"The daggers are out in the open in their (TRS and Congress) camps. The role of money bags in selection of their candidates has created a sense of revulsion among people. This will benefit us immensely," says TDP candidate for Karimnagar assembly seat G Nalini, a political greenhorn.

The case of TRS rebel in Karimnagar assembly segment K Mrutyunjayam presents a peculiar dilemma in the opposition camp. He was initially given 'B' form by the party but was later asked to withdraw from the race in favour of Congress candidate M Satyanarayana Rao.



Defying party's directive, Mrutyunjayam, a defector from Congress, is in the fray as a rebel but with the official TRS symbol while the party has suspended him.


"My case illustrates how the party leadership has allowed Telangana issue to be hijacked and how the genuine cadre is left in the lurch," Mrutyunjayam told PTI as he was overseeing his campaign material that carries the TRS symbol 'car' but without the picture of the party President Chandrasekhar Rao.



Karimnagar assembly segment, in fact, presents a rally of rebels with all the major players facing the rebel menace. Choppadandi, Buggaram, Siricilla, Metpally, Indurthy and Luxettipet are among the constituencies where TRS and Congress rebels are in the fray, threatening to mar the poll prospects of the official candidates.



"The choice before the people is very clear. It is development versus disunity, political stability versus instability and chaos," Vidyasagar Rao, who had earlier represented Metpally constituency thrice in the state assembly, said.



The political observers feel that a strong undercurrent of Telangana sentiment was being frittered away by the opposition because of internal contradictions and confusion in seat-sharing.



The common voter in the constituency is more worried about pending irrigation projects across Godavari river, railway line from Karimnagar to Nizamabad, water scarcity and erratic power supply in rural areas.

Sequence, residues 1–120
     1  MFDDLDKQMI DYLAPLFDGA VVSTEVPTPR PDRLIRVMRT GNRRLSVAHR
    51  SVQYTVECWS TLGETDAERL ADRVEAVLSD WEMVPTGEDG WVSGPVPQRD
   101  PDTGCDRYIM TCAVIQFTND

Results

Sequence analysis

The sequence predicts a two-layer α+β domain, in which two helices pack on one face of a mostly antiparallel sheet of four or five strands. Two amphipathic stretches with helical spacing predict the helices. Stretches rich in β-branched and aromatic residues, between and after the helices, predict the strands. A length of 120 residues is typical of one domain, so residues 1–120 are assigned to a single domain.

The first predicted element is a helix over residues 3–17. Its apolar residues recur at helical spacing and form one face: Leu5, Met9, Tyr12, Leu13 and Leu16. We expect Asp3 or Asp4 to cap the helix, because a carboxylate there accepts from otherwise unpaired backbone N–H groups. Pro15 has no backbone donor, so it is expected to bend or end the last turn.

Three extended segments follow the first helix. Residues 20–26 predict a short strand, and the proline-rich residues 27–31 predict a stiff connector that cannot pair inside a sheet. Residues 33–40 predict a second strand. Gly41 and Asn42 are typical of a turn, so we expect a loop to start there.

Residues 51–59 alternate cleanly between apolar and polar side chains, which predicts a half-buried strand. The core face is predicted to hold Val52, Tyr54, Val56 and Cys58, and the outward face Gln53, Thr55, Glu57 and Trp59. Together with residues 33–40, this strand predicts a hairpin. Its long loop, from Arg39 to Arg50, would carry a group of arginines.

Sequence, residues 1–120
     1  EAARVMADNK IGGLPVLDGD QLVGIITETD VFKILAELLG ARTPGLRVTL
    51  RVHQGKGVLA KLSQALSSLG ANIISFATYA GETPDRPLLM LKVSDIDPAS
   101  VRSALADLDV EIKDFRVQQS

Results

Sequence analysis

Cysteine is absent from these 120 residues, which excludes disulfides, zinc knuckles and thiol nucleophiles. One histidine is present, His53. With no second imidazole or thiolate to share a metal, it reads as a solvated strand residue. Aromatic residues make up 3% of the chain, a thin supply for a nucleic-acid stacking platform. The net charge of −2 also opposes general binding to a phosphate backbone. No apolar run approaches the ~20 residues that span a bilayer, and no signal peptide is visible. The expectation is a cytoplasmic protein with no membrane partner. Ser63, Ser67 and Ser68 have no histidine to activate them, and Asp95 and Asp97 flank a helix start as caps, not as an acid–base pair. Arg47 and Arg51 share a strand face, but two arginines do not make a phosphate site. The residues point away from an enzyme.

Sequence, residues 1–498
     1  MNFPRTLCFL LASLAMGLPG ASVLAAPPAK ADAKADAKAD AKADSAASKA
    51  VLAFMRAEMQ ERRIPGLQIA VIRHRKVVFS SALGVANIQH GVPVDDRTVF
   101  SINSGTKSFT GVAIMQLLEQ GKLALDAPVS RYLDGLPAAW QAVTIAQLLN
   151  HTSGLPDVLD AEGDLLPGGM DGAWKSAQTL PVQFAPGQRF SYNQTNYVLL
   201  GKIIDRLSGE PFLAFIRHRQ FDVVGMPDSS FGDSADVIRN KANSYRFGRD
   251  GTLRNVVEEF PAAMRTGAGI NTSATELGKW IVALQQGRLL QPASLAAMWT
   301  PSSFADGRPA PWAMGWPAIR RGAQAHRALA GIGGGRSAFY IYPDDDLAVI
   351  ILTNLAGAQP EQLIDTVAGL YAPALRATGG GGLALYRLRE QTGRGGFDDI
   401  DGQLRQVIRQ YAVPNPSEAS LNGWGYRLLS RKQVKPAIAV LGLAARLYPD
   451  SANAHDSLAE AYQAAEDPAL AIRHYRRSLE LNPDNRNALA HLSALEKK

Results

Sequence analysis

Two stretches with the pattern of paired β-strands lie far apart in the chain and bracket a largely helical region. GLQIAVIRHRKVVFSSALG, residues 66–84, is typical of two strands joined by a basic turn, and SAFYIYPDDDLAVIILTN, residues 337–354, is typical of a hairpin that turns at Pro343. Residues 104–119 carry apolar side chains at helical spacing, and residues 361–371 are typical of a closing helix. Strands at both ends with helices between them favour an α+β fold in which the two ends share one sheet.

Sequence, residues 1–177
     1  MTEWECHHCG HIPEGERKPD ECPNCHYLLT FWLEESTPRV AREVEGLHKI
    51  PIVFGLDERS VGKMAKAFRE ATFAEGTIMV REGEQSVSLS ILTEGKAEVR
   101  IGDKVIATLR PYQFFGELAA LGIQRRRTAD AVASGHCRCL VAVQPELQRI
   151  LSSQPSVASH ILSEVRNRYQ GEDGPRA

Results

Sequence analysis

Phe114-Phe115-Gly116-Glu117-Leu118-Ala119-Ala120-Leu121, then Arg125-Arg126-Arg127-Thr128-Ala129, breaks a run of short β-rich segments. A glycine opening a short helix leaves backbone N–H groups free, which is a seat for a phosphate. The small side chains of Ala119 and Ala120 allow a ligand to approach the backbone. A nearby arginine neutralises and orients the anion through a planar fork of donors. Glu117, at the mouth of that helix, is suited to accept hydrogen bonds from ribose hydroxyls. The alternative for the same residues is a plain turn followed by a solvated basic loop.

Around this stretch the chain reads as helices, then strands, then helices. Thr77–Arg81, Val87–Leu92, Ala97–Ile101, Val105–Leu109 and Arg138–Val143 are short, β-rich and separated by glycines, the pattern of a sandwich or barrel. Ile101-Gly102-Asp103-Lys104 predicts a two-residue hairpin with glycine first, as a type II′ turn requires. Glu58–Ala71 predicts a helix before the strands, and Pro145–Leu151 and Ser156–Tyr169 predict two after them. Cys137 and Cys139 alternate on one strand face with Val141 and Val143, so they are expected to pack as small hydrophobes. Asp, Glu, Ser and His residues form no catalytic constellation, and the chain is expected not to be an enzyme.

"We are in favour of separate state for Telangana. But, the political parties espousing this cause are in a state of confusion," said Kamalakar, an unemployed youth in Karimnagar.



Surprisingly, naxalism is not on the campaign agenda of candidates though the region is considered a traditional stronghold of PWG extremists.



"It (naxalism) is not an election issue, however hard the Chief Minister (Chandrababu Naidu) may try to garner public sympathy in the wake of naxal attack on him. People in this region want justice and are keen to protect their self-respect by achieving the statehood," Chandrasekhar Rao said.



Even the TDP and BJP candidates carefully avoid mentioning about naxalite violence during their election meetings.



Compared to the 1999 polls, when about 770 villages out of a total of 1,300 were identified as extremism-affected, the situation has undergone a sea change this time with only 400 villages being bracketed under this category.



"A combination of increased police pressure, spate of surrenders and encounter killings and growing resistance from villagers has led to a strategic retreat by PWG naxalites. However, we are not lowering our guard. We are ensuring fool-proof security arrangments to ensure smooth polling," the District Superintendent of Police Praveen Kumar told PTI.